Public accounts revenues to the Exchequer = + £15 billion. More air travellers will generate additional tax revenues for the Government, in the form of Air Passenger Duty, VAT and fuel duties.
It is difficult to see how this statement can be justified. Airlines pay no fuel duty and no VAT. Based on Treasury figures it has been estimated that this results in a £12 billion a year loss of revenue. Air Passenger Duty brings in £3 billion a year. The result is a net loss to the Exchequer, a tax subsidy to aviation, of £9 billion a year.
Any increase in the number of passengers would tend to increase the size of this tax loss, or tax subsidy, proportionally.
Expansion at Gatwick will give a much greater stimulus to competition and can be expected to reduce air fares across the entire system to the benefit of all passengers. Airfares will be up to £30 billion lower over 60 years with a second runway at Gatwick.
As noted in the comments on statement 3, the assumption about a greater stimulus to competition is flawed.
GAL’s claims about lower air fares all relate to the long term. They are calculated on an assumption that the cost of a new runway can be spread among the eventual 95 million passengers per year. But in the early years after a new runway was built, the extra traffic would be small, especially as Gatwick would face intense competition from Stansted (which would have no extra runway cost). It has been shown that in these circumstances the cost of a new runway would result in an increase in air fares of around £50 per return flight.
GAL seem to be assuming that most members of the public find it difficult to envisage the difference between a million pounds and a billion pounds. But that is no excuse to make inaccurate statements. It is clear that the claims for economic benefits contained in Connecting Britain to the Future are seriously exaggerated.
If Gatwick Airport Ltd were using this document as a basis for a contract they could be sued for misrepresentation.
If Gatwick were seeking to sell shares on the basis of this document they could be sued for issuing a fraudulent prospectus.
 Connecting Britain to the Future page 10. http://gatwickairport.com/PublicationFiles/business_and_community/all_public_publications/2014/Connecting_Britain_to_the_Future._Faster.pdf
 https://www.gov.uk/government/uploads/system/uploads/attachment_data/file/271231/airports-commission-interim-report.pdf page 10
 Ibid. Page 8
 Connecting Britain to the Future, page 22.
 Oxera are a firm of consultants often used by the aviation industry because they can be relied upon to produce the required conclusions.
 Connecting Britain to the Future, page 22.
 Department for Transport Aviation Forecasts 2011, Table G7. Gatwick with one runway: with two runways the proportions would be unlikely to be very different. https://www.gov.uk/government/uploads/system/uploads/attachment_data/file/4503/uk-aviation-forecasts.pdf
 Ibid, page 22
 Ibid, page 22
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The strategic planning director of Peel group, which own the airport, says that its existing routes to Amsterdam and Aberdeen must be prioritised ahead of new London or international routes. The Peel Group gave an overview to local Darlington Borough councillors, of the airport’s masterplan to develop businesses and houses at the airport site. Peel says any future London routes were dependent on increased capacity being granted at Heathrow or Gatwick airports something that could take more than 15 years to get through government. Peel say the airport should secure its routes to Schiphol and Aberdeen, while keeping an eye on the London opportunities, as and when they arise. Durham Tees Valley lost its route to Heathrow in 2009. That was not because it was not making money, but Heathrow could make a lot more money by using the slot for a long haul route. A councillor commented: “To keep the airport going we need to accept that expanding leisure flights is not viable. You can’t get enough of those flights to keep the airport paying its way.” Peel want to “look at the site as a whole by growing the airport, the employment park and also the community aspect with the housing.”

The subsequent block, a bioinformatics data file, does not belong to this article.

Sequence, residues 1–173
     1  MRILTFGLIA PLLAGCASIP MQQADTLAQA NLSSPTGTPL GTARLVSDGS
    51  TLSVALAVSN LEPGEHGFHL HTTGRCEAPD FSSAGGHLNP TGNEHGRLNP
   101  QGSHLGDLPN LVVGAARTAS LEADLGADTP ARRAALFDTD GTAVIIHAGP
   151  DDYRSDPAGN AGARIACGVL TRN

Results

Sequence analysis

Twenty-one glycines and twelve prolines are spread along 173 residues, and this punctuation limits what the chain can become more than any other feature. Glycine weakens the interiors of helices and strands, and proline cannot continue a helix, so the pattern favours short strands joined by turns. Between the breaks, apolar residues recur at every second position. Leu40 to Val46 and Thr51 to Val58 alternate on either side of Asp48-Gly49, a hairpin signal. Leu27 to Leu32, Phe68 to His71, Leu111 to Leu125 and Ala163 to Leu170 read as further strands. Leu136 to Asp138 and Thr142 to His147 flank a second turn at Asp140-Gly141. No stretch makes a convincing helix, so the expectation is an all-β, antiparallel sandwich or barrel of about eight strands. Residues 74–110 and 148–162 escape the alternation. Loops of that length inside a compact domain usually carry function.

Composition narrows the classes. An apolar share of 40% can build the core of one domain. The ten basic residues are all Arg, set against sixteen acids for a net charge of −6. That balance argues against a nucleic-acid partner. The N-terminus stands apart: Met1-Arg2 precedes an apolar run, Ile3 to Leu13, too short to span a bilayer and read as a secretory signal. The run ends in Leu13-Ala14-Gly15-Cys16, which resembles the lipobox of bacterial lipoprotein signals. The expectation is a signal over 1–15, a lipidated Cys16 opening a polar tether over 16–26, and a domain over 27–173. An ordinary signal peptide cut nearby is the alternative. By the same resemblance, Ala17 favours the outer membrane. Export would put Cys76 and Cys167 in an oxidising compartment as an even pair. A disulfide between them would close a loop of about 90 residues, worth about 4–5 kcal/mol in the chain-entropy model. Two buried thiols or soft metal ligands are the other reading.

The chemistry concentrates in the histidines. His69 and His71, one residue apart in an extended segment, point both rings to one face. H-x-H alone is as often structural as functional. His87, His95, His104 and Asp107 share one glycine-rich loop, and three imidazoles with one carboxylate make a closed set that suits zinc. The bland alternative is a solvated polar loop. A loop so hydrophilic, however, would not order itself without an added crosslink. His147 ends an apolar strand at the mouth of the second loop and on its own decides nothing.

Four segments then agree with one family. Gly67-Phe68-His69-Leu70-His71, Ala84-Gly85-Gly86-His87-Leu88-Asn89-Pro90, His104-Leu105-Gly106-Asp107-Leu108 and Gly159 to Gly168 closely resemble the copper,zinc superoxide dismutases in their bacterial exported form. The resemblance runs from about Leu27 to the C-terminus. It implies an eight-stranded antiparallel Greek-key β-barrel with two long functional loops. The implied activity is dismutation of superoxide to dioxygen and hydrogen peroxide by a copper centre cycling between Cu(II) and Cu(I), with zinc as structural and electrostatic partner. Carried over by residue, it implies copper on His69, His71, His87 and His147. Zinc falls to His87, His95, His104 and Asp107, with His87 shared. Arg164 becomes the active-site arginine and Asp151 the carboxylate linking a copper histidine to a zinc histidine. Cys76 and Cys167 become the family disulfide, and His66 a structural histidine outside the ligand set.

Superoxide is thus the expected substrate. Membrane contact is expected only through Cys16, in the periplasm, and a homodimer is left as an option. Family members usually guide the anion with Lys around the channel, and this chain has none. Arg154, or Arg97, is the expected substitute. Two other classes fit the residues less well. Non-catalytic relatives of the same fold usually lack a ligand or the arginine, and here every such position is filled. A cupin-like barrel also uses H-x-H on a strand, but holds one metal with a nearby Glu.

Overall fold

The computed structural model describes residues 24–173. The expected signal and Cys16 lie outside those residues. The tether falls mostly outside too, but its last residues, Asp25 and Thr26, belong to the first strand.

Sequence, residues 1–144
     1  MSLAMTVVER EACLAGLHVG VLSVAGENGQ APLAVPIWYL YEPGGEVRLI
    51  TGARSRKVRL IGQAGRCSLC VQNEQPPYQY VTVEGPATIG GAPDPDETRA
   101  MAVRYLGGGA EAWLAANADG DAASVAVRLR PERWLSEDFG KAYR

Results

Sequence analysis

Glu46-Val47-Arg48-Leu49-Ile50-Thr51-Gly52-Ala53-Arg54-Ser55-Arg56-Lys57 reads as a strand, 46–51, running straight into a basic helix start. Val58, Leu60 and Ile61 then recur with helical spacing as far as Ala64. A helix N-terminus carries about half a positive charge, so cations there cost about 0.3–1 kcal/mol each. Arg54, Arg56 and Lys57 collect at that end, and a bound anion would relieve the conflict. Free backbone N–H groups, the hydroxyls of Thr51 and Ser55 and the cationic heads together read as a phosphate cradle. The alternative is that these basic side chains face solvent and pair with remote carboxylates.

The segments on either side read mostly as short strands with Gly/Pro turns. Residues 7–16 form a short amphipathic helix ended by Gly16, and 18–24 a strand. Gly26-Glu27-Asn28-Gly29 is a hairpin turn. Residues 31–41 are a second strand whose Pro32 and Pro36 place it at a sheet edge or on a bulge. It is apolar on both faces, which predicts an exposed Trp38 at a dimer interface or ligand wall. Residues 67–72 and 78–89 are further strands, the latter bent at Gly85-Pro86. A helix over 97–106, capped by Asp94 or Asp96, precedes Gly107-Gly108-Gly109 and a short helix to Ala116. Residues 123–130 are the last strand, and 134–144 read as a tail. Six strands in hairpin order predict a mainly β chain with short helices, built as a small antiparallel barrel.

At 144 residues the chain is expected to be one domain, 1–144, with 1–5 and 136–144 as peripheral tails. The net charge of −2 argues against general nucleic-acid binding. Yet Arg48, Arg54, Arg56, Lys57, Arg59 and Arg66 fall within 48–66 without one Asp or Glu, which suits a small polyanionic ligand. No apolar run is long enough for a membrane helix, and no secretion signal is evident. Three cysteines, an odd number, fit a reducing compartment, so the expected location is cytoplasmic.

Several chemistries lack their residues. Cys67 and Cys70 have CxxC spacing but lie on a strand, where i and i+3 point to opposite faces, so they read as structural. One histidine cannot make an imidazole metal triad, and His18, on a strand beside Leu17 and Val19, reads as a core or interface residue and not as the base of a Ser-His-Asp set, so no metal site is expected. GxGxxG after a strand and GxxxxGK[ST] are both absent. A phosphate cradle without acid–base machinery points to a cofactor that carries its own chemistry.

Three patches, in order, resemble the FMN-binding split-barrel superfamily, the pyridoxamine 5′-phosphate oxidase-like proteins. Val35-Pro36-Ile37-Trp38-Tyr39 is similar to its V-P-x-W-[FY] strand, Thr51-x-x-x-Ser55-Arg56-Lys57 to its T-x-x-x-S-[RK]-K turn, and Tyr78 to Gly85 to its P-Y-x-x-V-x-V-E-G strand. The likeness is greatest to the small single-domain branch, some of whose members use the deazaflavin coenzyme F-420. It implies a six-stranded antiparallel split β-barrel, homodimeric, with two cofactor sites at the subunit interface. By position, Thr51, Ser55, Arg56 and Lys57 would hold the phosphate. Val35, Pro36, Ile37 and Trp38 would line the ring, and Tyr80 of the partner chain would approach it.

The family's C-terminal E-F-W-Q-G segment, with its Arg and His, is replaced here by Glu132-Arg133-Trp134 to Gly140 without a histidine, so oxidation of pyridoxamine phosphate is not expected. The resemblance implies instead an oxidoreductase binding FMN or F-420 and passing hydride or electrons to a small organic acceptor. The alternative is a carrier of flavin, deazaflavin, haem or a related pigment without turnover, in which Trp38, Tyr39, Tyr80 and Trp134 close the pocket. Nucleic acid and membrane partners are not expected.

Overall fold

Durham Tees Valley Airport must focus on its Amsterdam routes if it is to survive, councillors are told
26 September 2014
by Vicki Henderson (Northern Echo)
THE man behind the plan to secure the future of Durham Tees Valley Airport (DTVA) has told councillors that its existing routes to Amsterdam and Aberdeen must be prioritised ahead of new London or international routes.
Peter Nears, strategic planning director at owners Peel Group, gave an overview of the masterplan to develop businesses and houses at the airport site to Darlington Borough Council members today (Thursday).
Mr Nears said any future London routes were dependent on increased capacity being granted at Heathrow or Gatwick airports, something that could take more than 15 years to get through government.
Although he said the Tees Valley, its MPs and local authorities should lobby for DTVA to be given routes at any expanded South East airport, he cautioned against focussing on London.
Instead, he said, the airport should secure its routes to Schiphol and Aberdeen, while keeping an eye on the London opportunities.
He said: “When we lost the route down to Heathrow in 2009 it wasn’t because it wasn’t making money. It was just that a long haul route out of the same slot can make tens of millions.
“We are fighting to get access to Heathrow, but we also need to jealously guard our Amsterdam link. We can’t endanger that, it is incredibly important to us.”